Although they may be ‘just animals’, the sorrow felt when a pet dog dies can seem insurmountable. They have been your companion for so many years it probably feels like you have lost one of your family. Unfortunately there are no quick fix solutions to getting over the death but with time and patience the bereavement can become more bearable.

Around 75% of all dog owners have to make the decision to have their dog put to sleep, often after a long and traumatic illness. Because of this, pet owners often carry a burden of guilt with them for making this decision. If you acknowledge that you have no need for guilt and that the choice was fairly inevitable and allow yourself to grieve this can be a healing experience.

Some people find that holding a funeral for their dog can be a helpful experience. They may bury their dog in their garden or opt for cremation and bury or even display the ashes. If you are choosing to bury your dog, wrap them in a favourite toy, blanket or dog bed; burying them is perfectly legal but make sure that they are buried away from ponds, streams and underground cables and at least a 1.25 metres deep. If you are unsure where you will be living in a few years, a pet cemetery may be an option as these are becoming more popular in the UK. Of course, others may prefer not to deal with this aspect of bereavement at all and it is perfectly acceptable to let the vet handle these things.

If you have children then it is important to involve them in the grieving process. Often this is their first experience of death and they may feel like something they did or said was responsible for the death of the pet. Have frequent brief chats to them about the dog, encourage them (if they are young) to draw or write about the pet and allow them to join in your funeral arrangements.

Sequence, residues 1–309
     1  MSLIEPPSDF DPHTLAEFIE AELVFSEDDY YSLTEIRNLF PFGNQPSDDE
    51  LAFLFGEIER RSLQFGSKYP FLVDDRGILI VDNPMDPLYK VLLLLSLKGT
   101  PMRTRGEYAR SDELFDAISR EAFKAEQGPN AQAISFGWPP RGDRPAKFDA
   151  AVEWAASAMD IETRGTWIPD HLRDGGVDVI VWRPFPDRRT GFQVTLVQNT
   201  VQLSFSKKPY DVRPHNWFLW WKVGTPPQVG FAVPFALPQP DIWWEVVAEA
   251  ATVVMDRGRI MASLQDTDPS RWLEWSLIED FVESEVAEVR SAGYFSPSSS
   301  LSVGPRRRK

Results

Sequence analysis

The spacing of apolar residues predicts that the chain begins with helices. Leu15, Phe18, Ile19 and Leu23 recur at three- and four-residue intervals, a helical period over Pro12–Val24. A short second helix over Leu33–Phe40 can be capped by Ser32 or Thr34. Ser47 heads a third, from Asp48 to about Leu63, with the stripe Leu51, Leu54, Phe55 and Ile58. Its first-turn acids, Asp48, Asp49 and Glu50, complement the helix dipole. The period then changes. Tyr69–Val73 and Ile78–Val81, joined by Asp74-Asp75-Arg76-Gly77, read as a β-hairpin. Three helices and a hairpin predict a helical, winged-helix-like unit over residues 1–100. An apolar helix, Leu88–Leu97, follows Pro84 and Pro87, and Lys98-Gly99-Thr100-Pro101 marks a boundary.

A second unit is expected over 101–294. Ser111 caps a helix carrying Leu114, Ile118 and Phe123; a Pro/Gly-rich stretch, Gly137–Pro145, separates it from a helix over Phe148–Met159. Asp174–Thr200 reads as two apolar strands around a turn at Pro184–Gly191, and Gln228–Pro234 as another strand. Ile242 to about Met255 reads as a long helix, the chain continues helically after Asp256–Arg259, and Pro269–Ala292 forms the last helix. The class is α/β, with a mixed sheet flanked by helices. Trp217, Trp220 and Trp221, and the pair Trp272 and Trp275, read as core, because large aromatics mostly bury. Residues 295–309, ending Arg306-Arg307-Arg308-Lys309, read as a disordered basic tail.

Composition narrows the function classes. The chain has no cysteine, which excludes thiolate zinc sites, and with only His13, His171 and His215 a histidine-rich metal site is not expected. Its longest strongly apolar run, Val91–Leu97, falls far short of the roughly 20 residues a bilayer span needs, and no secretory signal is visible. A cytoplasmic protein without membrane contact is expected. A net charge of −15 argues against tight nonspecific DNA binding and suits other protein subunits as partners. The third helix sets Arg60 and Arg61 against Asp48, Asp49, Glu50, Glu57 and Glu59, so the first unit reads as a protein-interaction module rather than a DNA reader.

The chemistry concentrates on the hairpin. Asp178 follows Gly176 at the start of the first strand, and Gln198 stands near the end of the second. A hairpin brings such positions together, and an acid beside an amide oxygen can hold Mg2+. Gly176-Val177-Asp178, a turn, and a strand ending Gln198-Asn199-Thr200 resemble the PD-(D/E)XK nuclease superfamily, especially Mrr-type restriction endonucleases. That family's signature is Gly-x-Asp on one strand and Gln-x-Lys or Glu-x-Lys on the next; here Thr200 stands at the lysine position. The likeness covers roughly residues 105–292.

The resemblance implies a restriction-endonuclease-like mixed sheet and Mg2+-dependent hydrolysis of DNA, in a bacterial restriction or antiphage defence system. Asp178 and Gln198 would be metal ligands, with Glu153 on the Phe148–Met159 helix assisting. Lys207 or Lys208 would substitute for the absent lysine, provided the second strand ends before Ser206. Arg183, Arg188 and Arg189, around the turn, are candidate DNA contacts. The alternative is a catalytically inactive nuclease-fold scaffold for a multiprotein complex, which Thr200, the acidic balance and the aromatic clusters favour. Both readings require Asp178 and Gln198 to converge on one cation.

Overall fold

Other dogs may need time to adjust and may go through the grieving process too. In this case it is a good idea to increase positive times such as play, exercise and affection and try and spend as much time as possible with them. Some people believe that natural remedies can help. In this case try homeopathic ignatia or the Bach flower remedy Gentian, Gentiana amarella or Heather, Calluna vulgaris.

The grieving process is easier if you know what to expect and although clichéd there tend to be stages which you will go through. Shock, denial, anger, guilt, and depression are all normal emotions to experience. Surround yourself with people who understand your loss and if you wish hold a memorial service for your dog just as you would hold one for any other member of the family.

Only you can know if you will want another dog after this. If you think that it is unlikely then get a friend to remove your pet’s supplies such as dog beds, bowls, toys and dog food. Of course you may wish to keep them and some people choose to get a new dog immediately to ‘fill the void’. Generally speaking it is a good idea to wait a while until you are sure that you are ready and that you will be able to treat your new dog as an individual and avoid making comparisons.

If you just need to talk to somebody who understands, the Blue Cross in the UK has a pet bereavement support service where trained volunteers will talk to you and the website offers the opportunity to place a memorial for your pet. With time the pain will become unbearable and although you will never forget your dog, you will start to once again to remember them with pleasure.

Nicolette Craig is a writer for Swell Pets, the UK’s Leading Online Pet Superstore. Visit Swell Pets  to see their range of pet supplies and dog food.

Comments are closed.


Join With Us